I didn’t get far enough in to see things like the new Nuclear type, or the mechanic that allows you to speak to Pokémon. I did however try the online features, and to my surprise, they worked perfectly. I put up a Pokémon for a Wonder Trade, and got a random monster back from a stranger. I was playing very late on a weekend, which tells me that Uranium is indeed as popular as the developers say, even after taking the main download link down. Hell, there’s even a Twitch Plays Uranium happening right now, as you read this.
“A lot of people seem to be experiencing a strong emotional reaction to the news that we decided to remove the official download links—and this was bolstered by plenty of news articles & blog posts about the game claiming we ‘shelved’ the project after 9 years, or that Nintendo’s vindictive corporate suits got the better of us,” said Twitch.
“But our own feelings about this situation are completely different. Our game project, the one we devoted so many hours of our lives into and the thing that was for both of us the single greatest creation in our young lives, had been download more than 1.5 MILLION times. That’s an incomprehensibly huge number of people playing our game. We are seeing the joy that players get when they enter the Tandor Region, this world that we created. They are sharing the game with their friends, and documenting their playthroughs on YouTube and on every social media site. They are rejoicing in finding shiny Pokemon, breeding to get that perfect 6IV competitive set, and are helping each other to formulate strategies and discover secrets we hid deep within the game.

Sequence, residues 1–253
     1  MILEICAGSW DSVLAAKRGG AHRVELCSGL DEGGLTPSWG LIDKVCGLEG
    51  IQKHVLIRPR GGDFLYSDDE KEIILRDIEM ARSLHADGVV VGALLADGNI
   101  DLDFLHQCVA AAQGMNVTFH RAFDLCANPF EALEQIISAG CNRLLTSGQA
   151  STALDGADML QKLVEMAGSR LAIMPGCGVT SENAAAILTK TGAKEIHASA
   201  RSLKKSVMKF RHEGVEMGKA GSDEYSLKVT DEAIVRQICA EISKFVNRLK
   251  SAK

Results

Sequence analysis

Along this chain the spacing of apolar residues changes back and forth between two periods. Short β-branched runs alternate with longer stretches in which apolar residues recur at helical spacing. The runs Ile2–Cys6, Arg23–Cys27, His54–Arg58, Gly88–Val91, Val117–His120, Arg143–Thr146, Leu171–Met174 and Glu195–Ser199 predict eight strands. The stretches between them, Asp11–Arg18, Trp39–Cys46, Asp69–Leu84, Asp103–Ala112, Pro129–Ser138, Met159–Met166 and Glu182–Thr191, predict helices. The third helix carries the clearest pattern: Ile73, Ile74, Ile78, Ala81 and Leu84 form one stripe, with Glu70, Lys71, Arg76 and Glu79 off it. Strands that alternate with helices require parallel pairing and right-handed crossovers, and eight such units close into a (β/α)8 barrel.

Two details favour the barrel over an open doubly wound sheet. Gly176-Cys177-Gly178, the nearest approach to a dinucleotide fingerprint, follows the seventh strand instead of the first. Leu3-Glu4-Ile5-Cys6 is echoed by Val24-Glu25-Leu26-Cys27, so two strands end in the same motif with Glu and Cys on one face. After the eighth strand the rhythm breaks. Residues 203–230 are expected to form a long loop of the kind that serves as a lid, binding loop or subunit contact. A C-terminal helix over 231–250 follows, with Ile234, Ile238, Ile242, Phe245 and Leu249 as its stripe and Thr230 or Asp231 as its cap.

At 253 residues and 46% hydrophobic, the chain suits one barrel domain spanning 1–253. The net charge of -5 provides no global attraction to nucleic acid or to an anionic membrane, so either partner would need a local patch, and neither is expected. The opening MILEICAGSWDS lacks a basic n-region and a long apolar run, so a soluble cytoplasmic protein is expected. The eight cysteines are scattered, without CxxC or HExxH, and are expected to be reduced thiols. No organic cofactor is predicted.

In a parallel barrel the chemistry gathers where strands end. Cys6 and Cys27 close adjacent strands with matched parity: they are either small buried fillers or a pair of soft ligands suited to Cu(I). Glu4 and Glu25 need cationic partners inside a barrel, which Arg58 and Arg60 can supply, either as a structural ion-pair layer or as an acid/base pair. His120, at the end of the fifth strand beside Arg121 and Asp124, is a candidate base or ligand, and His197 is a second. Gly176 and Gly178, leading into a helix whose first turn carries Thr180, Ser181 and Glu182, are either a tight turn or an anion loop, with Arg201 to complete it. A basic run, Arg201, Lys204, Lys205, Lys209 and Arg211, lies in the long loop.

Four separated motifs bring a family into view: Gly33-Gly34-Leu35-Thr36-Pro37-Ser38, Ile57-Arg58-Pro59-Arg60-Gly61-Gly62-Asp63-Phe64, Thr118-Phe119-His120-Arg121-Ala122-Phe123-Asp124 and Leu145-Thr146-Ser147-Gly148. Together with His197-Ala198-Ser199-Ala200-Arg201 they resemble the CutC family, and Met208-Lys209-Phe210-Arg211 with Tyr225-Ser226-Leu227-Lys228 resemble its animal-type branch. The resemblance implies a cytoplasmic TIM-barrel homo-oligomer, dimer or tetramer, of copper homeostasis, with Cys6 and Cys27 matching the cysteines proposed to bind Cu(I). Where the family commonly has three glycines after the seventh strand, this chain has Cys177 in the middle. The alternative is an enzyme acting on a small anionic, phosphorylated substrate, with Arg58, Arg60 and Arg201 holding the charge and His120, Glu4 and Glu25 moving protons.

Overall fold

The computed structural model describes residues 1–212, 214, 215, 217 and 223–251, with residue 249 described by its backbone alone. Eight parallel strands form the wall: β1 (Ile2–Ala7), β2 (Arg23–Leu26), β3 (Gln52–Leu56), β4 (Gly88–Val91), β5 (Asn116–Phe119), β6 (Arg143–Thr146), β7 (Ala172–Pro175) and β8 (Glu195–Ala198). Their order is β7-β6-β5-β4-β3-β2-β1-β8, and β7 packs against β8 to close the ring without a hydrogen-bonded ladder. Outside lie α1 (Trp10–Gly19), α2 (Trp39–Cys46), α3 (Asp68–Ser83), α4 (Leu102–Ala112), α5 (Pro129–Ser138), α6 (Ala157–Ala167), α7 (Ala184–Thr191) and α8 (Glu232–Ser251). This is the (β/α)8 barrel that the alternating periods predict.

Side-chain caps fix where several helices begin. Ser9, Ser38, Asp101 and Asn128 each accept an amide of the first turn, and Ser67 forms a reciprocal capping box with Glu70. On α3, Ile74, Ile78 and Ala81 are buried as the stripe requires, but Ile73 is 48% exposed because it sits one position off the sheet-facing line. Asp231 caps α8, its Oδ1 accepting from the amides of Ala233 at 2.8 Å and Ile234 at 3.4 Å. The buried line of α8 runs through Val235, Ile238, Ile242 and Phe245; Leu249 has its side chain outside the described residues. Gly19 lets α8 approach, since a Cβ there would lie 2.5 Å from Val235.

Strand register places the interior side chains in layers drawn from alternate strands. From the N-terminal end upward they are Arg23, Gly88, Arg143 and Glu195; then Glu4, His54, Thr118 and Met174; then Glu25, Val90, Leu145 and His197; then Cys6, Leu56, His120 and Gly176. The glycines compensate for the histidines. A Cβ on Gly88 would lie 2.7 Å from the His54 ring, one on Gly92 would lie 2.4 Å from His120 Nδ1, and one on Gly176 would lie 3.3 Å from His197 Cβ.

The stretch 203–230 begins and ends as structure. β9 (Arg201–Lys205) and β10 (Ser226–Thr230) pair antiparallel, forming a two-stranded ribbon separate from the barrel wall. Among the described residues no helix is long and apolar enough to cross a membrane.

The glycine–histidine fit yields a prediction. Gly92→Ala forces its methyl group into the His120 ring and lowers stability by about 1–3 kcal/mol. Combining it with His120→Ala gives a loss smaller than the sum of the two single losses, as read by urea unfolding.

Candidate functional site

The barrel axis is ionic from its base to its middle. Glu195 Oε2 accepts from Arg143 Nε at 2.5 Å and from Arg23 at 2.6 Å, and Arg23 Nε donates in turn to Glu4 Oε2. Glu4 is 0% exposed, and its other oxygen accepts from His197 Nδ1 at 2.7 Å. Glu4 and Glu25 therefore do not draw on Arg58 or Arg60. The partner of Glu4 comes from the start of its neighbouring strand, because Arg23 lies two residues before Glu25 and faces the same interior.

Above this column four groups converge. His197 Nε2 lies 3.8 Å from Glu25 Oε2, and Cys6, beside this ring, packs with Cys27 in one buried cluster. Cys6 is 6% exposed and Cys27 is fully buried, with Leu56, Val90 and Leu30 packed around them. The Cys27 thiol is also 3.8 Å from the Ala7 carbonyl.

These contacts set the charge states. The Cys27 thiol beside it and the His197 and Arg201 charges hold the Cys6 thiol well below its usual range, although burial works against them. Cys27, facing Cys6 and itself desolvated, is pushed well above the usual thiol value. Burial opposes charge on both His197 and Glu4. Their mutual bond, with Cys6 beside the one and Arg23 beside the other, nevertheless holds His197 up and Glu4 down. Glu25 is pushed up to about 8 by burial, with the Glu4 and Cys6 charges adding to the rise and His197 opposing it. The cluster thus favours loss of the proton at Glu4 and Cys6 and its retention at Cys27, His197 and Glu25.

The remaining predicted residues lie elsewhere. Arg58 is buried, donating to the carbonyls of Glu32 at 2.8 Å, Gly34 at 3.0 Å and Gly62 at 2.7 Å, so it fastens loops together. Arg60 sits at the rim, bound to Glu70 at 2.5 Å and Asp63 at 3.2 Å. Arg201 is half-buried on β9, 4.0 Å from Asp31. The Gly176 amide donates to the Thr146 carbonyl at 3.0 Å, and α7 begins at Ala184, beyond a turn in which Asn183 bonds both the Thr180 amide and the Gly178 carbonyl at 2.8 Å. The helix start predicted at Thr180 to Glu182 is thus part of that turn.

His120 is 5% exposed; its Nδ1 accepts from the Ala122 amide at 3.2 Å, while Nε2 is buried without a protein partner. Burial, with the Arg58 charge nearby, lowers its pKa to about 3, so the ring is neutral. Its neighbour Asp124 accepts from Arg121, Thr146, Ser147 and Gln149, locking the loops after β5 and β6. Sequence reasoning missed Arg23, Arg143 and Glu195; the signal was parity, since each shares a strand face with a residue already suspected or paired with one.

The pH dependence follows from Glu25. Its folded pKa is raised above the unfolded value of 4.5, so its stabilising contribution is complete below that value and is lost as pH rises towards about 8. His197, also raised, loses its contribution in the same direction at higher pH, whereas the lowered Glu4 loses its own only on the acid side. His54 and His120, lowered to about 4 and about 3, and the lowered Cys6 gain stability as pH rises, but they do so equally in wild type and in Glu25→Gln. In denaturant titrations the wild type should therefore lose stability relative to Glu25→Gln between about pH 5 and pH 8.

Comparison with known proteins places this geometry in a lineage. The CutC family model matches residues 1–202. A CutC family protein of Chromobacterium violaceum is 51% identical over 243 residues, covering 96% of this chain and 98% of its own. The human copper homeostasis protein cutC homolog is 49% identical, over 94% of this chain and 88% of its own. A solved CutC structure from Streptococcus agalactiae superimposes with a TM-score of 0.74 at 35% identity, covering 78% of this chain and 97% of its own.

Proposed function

“You’d only need to glance at our Forums or Discord to see the sheer numbers of people that have been inspired and brought together by this game. So, for everyone who’s saying this game is dead—far from it. It’s more alive than ever before.”
We’ll have more in-depth coverage of the Pokémon fan game scene in the weeks to come.